Saturday, June 08, 2013

Three Points Every Beginning Comics Creator Needs To Know

There are no hard and fast rules to making a good story. That pretty much is clear. No matter how you put a story together, there will always be an audience for your work. The question is, is the audience you attract big enough?

I've spoken with a few people, comics fans all, about their opinions on the recent crop of Pinoy komiks that have been coming out and, while the number of titles and issues have increased significantly over the past decade, very few of these comics have been able to deliver the kind of punch these readers are looking for.

So I asked them: what's missing?

Three main reasons stand out, and I'd like to think that these three reasons are good places to start for any beginning Pinoy komiks creator to improve their work. These reasons, not surprisingly, are all part of the universal guidelines that any good story follows.

1) The Intriguing Spin

The comics creator has to work doubly hard in coming up with an interesting concept that has rarely been explored, especially if the genre is particularly crowded. What's your intriguing spin on the superhero story? What's your new take on the manga fantasy adventure? What's your spin on your hero, especially if your hero follows a known archetype? Screenwriting expert Mark Tapio Kines says that it's always prudent to take a survey of all the stories you can find that's similar to the story you want to tell, so that you can see what's been done before, and especially what hasn't been done before. When I talk to stage director Tuxqs Rutaquio, the words, "paano ito babaliin" or "how can it be broken" comes up often, suggesting that there is always a need to find a new angle in a familiar concept. Because if it's been done before, especially if done really well, why do it again?

However, it's not practical to have a concept so unique that it requires pages and pages of explanation for the reader to understand what's going on. Infodumping is something a reader doesn't appreciate, moreso if it's clumsily done. Readers want a story, not a sourcebook.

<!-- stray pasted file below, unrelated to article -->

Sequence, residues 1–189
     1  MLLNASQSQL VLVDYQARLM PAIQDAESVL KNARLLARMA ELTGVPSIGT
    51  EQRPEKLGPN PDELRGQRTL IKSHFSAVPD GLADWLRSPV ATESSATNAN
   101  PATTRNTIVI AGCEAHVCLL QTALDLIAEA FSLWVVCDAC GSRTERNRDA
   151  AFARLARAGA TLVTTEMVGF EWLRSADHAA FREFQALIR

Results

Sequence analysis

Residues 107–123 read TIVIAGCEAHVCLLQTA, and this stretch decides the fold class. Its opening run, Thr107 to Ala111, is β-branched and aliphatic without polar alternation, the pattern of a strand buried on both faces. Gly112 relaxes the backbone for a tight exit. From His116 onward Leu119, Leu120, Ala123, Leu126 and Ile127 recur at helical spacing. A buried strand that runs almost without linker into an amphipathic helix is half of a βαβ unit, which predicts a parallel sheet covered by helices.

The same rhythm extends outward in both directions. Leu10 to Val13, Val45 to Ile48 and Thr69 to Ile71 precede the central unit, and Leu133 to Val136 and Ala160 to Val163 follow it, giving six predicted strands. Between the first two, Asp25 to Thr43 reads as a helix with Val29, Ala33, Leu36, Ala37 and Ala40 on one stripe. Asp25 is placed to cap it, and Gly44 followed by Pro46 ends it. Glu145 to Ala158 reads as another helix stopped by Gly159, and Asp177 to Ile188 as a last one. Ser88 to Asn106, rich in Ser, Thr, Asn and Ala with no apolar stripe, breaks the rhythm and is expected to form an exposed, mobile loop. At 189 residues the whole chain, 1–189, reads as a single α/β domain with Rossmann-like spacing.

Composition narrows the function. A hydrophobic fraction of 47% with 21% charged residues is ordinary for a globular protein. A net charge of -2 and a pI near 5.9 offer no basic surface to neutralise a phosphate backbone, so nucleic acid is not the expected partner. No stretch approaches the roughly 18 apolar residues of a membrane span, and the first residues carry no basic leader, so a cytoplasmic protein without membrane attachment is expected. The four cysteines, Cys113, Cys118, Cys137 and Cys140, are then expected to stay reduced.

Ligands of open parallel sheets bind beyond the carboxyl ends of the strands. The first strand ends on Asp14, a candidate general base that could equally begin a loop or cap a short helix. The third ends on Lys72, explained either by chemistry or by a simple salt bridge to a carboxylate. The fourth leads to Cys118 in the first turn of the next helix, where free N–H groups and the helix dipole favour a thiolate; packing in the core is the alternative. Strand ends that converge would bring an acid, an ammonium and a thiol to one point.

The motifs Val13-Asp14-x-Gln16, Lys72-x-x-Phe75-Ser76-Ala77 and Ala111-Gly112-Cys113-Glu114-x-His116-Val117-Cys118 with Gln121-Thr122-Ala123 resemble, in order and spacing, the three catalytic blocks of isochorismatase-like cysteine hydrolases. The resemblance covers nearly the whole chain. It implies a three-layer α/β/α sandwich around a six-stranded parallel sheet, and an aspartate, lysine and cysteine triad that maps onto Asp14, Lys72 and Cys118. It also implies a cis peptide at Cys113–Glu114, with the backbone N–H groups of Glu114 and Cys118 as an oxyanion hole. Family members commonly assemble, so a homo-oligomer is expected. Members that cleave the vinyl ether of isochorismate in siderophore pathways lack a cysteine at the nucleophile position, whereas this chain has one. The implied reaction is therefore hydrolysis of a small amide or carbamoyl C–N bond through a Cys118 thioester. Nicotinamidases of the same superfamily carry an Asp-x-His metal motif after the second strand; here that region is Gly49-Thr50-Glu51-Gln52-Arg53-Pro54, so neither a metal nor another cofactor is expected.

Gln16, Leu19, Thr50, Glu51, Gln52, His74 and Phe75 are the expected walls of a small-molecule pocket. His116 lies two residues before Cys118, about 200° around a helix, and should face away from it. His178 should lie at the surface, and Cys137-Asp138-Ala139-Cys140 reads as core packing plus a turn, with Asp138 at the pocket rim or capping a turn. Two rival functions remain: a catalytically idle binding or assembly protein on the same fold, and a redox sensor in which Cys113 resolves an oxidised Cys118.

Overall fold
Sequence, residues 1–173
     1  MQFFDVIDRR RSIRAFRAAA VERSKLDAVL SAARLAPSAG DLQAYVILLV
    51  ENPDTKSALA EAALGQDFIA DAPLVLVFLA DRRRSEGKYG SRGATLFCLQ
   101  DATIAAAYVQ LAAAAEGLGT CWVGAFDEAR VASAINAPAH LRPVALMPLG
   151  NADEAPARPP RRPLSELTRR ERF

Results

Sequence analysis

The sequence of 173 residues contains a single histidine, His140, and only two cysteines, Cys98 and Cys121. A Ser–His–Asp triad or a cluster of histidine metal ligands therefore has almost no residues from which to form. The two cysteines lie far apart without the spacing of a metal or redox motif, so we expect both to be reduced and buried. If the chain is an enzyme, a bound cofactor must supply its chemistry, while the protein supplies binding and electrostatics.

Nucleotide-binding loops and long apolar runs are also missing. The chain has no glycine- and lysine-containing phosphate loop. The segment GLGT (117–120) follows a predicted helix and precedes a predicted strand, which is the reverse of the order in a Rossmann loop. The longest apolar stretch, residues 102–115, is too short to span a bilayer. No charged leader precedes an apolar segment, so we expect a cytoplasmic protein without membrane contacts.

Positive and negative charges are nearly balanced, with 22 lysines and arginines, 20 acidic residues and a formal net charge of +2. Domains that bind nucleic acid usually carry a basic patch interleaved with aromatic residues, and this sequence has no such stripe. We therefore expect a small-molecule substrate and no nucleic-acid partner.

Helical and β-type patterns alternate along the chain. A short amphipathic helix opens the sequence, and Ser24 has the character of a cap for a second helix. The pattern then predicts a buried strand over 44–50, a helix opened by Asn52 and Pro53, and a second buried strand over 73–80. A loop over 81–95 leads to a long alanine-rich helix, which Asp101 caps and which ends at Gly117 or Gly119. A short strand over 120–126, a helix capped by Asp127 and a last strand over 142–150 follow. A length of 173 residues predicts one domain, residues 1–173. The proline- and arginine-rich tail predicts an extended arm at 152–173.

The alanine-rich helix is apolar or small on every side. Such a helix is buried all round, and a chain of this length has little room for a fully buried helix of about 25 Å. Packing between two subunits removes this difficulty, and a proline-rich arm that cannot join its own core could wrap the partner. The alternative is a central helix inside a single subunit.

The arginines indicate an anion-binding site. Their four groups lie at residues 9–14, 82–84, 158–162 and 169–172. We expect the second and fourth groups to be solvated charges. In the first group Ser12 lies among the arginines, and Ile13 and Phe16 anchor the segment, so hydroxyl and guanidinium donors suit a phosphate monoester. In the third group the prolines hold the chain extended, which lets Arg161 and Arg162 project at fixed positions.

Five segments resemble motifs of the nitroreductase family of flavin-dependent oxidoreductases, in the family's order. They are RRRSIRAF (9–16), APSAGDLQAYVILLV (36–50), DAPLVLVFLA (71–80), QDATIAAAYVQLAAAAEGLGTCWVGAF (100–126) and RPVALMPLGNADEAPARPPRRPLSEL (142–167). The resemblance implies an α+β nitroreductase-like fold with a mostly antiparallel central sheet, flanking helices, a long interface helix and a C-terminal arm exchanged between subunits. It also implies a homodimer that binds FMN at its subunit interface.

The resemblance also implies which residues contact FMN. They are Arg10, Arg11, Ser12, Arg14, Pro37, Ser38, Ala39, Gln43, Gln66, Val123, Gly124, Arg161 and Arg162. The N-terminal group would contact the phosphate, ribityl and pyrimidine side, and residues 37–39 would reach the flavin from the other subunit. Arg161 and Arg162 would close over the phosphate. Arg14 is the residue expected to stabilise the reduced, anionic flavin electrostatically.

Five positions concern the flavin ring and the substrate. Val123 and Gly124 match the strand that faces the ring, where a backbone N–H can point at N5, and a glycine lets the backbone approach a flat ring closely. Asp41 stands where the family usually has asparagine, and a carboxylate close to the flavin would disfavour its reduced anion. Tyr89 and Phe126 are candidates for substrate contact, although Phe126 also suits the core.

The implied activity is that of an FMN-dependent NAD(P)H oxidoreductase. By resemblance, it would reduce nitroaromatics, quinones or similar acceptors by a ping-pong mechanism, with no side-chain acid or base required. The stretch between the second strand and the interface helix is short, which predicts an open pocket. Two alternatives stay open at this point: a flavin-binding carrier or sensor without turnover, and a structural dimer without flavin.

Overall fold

2) Readers Have To Care

The concept may be unique, but readers have to care. And one reason why a story falters is its inability to evoke sympathy in, or warrant attention from, a reader. You might love your concept a lot, but it's not going to fly if readers finds it irrelevant to their lives. We can only care so much, and there's already so much in the world we need to care about. The tough part is that your competition is not limited to other comics.

Making readers care about your story is no different from making people care about people. When Pol Medina's "Pugad Baboy" strip got pulled from the Philippine Daily Inquirer, why did you care to protest? When Maya and Ser Chief became an item, why did noontime television viewers care to issue a collective giddy shriek? Why did The Walking Dead stand out among many zombie stories? There's an element in these examples that people can relate to.

Stories are a version of real life, and so they have to be as real as possible, no matter the genre. One way to help make readers care is to work on making your characters three-dimensional. Comics is as much voice-driven as it is visually-driven, so it pays off to let your characters act and talk beyond cardboard. The more human-like and genuine your characters are, and the greater the risks they face,  the higher the chance that a reader will latch on to those characters and see how things will end up.

3) Deliver In Spades

The writing has to be good. The illustrations have to be good. The storytelling has to be clear and fluid. The structure has to inject the right doses of tension at the right points. The set-ups and pay-offs have to be released strategically. And there has to be enough surprises to keep the readers glued. In comics, like in any storytelling form, there's no getting around these. To take making comics seriously is to continuously study, practice, and improve. It is what we owe our art.

NEXT: So how do you start developing a story? Well it all starts with a character and a situation. If you have a character in mind but don't have a story, the next blog post will give you an idea of how to generate story ideas based on your character.

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